When I bought my 60 gallon compressor I flushed the tank out with water and then poured a gallon of Evaporust in and rolled it around. Any water I get now is only slightly discoloured.
 

Ironman

Ultra Member
Depending on what kind of tooling or spray equipment is on the discharge end, you probably should be filtering now. I'm not sure if/how to remove internal corrosion once its started. Would it be so hard to have tanks internally coated at the factory? Seems to me that would be desirable if not safer. Corrosion pitting leads to the Boom factor.
I know people who have had their tanks galvanized inside and out . This could be done before the sale.
As far as drain valves go the best I've seen are the Atlas Copco capacitive drains. They work when water is present, the other types are on a timer setup.
I got one for free, it was thrown out with a pile of plumbing waste, still in the original box, with tape measures, rolls of solder, thread tape, etc.
1720325261223.jpeg
 

Doggggboy

Ultra Member
Almost 1500 bucks
For that price I'd have to buy a better compressor.
I'm guessing these aren't for the home hobbyist.
 

Aliva

Super User
My 80 gallon, tank has a drain at the bottom center of the tank. I installed a 120v solenoid valve and piped it outside of my garage. The valve is manually activated via a switch at the opposite end of my garage. I drain the tank for a couple seconds about once a week, very little water. My water separator is located about 20 feet from the compressor.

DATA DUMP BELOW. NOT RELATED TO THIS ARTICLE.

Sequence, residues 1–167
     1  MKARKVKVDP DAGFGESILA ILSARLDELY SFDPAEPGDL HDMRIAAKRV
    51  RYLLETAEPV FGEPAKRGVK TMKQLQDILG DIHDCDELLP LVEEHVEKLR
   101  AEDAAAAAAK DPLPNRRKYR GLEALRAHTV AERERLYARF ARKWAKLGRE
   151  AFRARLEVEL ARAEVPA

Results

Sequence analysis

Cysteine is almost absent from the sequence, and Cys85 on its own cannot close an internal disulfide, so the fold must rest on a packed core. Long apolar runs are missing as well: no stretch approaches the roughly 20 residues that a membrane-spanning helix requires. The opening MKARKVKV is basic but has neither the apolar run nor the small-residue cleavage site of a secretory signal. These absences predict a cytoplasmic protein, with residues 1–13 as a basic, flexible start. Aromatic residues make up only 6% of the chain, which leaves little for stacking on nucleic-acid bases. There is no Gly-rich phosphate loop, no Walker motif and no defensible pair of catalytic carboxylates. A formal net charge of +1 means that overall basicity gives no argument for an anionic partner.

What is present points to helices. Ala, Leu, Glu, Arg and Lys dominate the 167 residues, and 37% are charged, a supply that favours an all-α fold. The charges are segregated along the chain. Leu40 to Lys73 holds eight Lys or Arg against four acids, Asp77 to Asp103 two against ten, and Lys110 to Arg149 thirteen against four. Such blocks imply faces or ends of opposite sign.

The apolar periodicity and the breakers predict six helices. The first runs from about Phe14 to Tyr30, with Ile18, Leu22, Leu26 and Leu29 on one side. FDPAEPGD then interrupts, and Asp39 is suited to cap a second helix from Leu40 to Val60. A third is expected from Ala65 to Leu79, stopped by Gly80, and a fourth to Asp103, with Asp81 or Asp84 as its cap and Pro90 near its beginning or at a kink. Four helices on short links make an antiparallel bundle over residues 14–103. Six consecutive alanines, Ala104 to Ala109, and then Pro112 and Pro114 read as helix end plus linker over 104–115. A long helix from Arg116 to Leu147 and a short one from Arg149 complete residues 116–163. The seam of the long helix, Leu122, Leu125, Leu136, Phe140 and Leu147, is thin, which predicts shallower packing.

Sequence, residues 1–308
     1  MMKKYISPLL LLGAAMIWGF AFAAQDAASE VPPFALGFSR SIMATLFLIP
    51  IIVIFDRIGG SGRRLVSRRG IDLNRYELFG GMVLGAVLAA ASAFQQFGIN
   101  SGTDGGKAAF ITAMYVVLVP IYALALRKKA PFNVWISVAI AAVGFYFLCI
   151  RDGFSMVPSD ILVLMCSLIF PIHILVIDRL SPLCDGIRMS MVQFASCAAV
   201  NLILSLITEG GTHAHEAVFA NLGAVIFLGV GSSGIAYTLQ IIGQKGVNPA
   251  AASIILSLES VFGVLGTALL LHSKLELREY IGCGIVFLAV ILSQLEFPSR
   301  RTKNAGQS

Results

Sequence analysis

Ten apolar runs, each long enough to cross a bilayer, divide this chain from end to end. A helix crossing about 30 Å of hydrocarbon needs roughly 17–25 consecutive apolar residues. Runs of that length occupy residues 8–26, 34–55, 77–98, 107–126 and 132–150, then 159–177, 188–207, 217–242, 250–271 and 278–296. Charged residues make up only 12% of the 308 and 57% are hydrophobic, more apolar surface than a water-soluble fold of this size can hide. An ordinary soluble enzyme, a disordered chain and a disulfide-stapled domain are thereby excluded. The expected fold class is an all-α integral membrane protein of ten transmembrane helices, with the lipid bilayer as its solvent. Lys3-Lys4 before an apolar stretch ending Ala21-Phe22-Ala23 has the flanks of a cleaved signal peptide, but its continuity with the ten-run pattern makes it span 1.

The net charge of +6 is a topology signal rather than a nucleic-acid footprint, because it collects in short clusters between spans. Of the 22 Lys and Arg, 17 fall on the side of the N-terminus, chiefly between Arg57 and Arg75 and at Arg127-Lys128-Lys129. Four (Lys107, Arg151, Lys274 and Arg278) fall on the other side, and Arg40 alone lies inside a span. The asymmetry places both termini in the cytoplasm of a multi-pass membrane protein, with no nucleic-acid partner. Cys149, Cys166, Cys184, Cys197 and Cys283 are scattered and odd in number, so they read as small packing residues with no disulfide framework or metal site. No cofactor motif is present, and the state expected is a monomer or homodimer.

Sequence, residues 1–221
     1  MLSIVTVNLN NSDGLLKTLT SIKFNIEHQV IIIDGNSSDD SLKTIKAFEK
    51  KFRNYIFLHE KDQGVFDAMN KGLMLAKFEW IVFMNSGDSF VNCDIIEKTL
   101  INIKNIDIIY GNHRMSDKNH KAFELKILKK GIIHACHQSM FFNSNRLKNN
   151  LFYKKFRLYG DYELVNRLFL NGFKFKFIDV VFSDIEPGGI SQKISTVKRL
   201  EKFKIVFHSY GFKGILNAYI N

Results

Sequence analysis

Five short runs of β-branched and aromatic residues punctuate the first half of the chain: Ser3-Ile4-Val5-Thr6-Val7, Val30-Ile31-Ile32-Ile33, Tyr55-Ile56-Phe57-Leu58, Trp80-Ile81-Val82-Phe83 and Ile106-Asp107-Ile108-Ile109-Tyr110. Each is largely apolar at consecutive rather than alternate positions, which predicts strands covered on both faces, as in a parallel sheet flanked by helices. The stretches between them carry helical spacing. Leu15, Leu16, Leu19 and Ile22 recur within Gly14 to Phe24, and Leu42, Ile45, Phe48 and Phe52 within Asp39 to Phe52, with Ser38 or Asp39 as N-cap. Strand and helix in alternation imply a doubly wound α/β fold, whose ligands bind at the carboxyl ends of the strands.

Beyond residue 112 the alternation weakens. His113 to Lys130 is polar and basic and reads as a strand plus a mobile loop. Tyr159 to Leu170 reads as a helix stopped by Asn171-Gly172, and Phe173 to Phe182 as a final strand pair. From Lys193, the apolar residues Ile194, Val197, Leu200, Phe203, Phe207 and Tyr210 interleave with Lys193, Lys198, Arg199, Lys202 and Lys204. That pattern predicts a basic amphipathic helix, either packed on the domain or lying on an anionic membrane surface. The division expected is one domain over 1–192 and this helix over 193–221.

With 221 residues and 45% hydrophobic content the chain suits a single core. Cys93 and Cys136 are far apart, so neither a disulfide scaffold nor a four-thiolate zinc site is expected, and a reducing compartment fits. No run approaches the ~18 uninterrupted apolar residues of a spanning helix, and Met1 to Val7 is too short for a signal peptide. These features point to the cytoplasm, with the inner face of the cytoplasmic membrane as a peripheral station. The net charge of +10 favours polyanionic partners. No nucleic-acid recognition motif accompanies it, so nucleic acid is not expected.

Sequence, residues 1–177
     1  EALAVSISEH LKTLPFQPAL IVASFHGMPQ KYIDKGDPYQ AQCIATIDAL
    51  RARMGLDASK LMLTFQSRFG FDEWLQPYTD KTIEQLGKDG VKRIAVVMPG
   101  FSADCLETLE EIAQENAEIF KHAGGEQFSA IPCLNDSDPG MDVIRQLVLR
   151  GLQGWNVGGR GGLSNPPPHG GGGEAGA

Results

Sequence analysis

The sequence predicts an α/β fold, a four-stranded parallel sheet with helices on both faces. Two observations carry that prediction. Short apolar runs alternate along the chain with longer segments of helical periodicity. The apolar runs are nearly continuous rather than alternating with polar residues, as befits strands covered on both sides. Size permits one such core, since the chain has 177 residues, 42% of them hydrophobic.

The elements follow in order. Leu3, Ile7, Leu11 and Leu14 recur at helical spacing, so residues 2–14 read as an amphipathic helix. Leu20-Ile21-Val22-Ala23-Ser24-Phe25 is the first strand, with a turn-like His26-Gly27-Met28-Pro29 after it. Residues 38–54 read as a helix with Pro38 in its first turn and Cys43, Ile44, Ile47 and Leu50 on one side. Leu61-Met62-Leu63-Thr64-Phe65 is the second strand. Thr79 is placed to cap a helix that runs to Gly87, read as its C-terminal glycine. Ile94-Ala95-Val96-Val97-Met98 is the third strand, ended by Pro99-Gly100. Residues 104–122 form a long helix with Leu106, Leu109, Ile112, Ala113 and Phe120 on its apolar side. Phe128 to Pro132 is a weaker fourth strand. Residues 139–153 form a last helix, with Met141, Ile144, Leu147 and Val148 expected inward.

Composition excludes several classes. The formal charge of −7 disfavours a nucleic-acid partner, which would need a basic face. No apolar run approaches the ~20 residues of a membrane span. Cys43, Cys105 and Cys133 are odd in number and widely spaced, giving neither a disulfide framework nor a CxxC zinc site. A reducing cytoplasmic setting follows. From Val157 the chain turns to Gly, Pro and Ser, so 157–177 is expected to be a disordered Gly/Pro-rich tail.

i know convention says to have the separator as close to the tank as possible, but I found that I can clear the entire system of moisture with this set up, and have easier access to the separator. The compressor head is mounted about 6 feet from the tank on a floor stand.. I didn't have the head room to put it on the tank. The compressor intake is piped out side and filtered. I used to paint a lot cars and didn't want the intake inside where it could pick up paint from the atmosphere. Besides that it's quieter.
 

Ironman

Ultra Member
Almost 1500 bucks
For that price I'd have to buy a better compressor.
I'm guessing these aren't for the home hobbyist.
They are when they are free:p
 

Aliva

Super User
Were I used to work we had those on some of the compressors. They do work very well when new, but after time they tend to plug up with rust and debris. They become a high maintenance item. not really worth it.
 

mmcmdl

Machinist/Toolmaker ( retired )
I've got filter housings with coalescing filters .They are always cracked open at the bottom letting the water escape . I leave the drain on the tank cracked also . I don't use the compressor daily , and not worried about having a small pressure drop . I actually have 2 brand new tanks out in the garage I scavenged from work . They're rated for 250 PSI , way more than I'll ever use . I used to have all the oilers , regulators and the other stuff hooked in but I just don't need it all now . The air tools sit un-used . :)